Investigator Testifies Governor’s Aides Crossed Out Inaugural Fund Number
MONTGOMERY, Ala. (AP) _ Aides to Gov. Guy Hunt crossed out account numbers on checks sent to his 1987 inaugural committee and then moved some of the money to his personal accounts, a state investigator testified Wednesday.
Bob Frye, an investigator for Attorney General Jimmy Evans, said the transfer allowed Hunt’s political accounts to take in more than $380,000 meant for the inaugural fund.
Prosecutors allege he moved $200,000 from a tax-exempt 1987 inaugural fund to his personal accounts, where it was used to pay old campaign debts and personal notes and to buy cattle, furniture and other goods.
Hunt, 59, Alabama’s first Republican governor this century, was indicted Dec. 28 on a charge of using his office for private financial gain. He would automatically be removed from office if convicted of the felony ethics charge.
The charge also carries a penalty of from two to 10 years in prison and a fine of up to $10,000.
Hunt’s chief counsel, George Beck, said Hunt was only repaying himself for personal money he spent on past political campaigns. But Evans says the case involves the wrongful use of inaugural funds, not campaign funds.
Frye said two indicted associates of the governor, Edna Earle Hicks and Rosie Blocher, opened an account in the name of Hunt’s political fund at Union Bank and Trust Co. in Montgomery days before Hunt was sworn in in 1987.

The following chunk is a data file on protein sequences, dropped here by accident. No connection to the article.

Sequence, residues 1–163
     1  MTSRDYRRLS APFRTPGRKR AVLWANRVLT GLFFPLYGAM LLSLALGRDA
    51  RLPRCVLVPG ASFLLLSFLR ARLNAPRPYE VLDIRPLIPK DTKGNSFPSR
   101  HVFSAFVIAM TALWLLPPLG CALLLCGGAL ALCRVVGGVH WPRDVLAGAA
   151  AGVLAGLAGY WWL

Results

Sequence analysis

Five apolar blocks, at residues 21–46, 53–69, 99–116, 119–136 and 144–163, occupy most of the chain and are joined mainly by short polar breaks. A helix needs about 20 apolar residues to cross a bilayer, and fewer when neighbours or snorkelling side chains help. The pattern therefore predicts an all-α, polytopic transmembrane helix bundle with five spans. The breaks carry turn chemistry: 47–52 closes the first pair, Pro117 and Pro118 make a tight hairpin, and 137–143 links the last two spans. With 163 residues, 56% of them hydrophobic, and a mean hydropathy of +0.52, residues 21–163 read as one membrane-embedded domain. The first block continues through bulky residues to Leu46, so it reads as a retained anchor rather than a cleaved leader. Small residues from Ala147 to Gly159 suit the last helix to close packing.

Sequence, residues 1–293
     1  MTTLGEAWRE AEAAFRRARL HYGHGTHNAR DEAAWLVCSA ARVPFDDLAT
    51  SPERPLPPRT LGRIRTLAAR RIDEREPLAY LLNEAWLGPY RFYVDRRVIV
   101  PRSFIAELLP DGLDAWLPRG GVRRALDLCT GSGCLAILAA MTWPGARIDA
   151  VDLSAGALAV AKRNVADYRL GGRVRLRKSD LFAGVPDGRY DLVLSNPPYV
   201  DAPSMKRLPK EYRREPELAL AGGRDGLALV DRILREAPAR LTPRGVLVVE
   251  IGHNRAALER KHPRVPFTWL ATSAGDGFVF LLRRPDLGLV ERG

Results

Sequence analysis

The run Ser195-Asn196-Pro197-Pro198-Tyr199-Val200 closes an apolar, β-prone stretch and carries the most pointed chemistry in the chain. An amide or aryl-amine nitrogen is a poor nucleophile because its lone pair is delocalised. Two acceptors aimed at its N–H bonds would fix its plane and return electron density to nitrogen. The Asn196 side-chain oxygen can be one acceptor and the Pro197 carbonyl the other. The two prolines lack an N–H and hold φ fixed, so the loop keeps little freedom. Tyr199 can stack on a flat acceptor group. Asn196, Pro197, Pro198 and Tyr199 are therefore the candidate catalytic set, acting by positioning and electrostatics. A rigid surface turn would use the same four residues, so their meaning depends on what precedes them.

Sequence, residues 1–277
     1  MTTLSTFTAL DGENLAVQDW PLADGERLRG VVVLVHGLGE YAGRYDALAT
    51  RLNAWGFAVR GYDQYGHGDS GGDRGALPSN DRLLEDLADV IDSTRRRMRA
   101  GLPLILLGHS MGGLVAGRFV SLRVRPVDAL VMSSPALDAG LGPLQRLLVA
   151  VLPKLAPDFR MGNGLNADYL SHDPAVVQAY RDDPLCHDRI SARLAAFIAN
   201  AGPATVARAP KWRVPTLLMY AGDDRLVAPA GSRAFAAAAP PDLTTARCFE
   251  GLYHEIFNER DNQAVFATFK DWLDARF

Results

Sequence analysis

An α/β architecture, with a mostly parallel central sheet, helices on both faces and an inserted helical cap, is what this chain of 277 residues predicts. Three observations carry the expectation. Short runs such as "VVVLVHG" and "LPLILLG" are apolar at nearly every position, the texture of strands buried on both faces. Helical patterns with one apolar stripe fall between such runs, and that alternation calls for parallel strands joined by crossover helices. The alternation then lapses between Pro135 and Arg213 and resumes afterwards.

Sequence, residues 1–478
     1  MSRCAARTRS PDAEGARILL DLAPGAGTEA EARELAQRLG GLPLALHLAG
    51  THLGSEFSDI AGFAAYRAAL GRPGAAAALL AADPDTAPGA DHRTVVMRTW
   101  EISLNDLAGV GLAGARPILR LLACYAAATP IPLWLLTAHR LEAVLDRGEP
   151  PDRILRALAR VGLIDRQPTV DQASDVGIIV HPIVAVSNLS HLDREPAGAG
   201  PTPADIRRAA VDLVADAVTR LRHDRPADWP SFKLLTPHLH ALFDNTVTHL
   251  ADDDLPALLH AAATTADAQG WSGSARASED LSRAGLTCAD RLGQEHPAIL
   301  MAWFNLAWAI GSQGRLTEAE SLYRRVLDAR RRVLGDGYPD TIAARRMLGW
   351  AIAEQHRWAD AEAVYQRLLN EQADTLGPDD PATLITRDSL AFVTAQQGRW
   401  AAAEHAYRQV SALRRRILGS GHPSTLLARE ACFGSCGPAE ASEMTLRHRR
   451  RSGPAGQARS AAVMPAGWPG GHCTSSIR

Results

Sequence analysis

About $395,000 was deposited into the account between Jan. 8 and Feb. 12 of 1987. Only $10,000 of that total was in checks made out to Friends of Guy Hunt, Frye testified.
Frye said some checks were stamped with the endorsement of Hunt’s 1987 Inaugural Committee, but some of those endorsements were ″lined through″ and the number of a Friends of Guy Hunt account written in. Those checks were then deposited in a Friends of Guy Hunt account, Frye testified.
Two days after the last of $394,573 was moved into Hunt’s political account, a $100,000 check was written on the account, signed by Mrs. Blocher and Mrs. Hicks and deposited into an account at First Federal Savings and Loan of Cullman. Hunt and Mrs. Hicks had access to that money, Frye said.
The trial before state Circuit Judge Randall Thomas began Monday.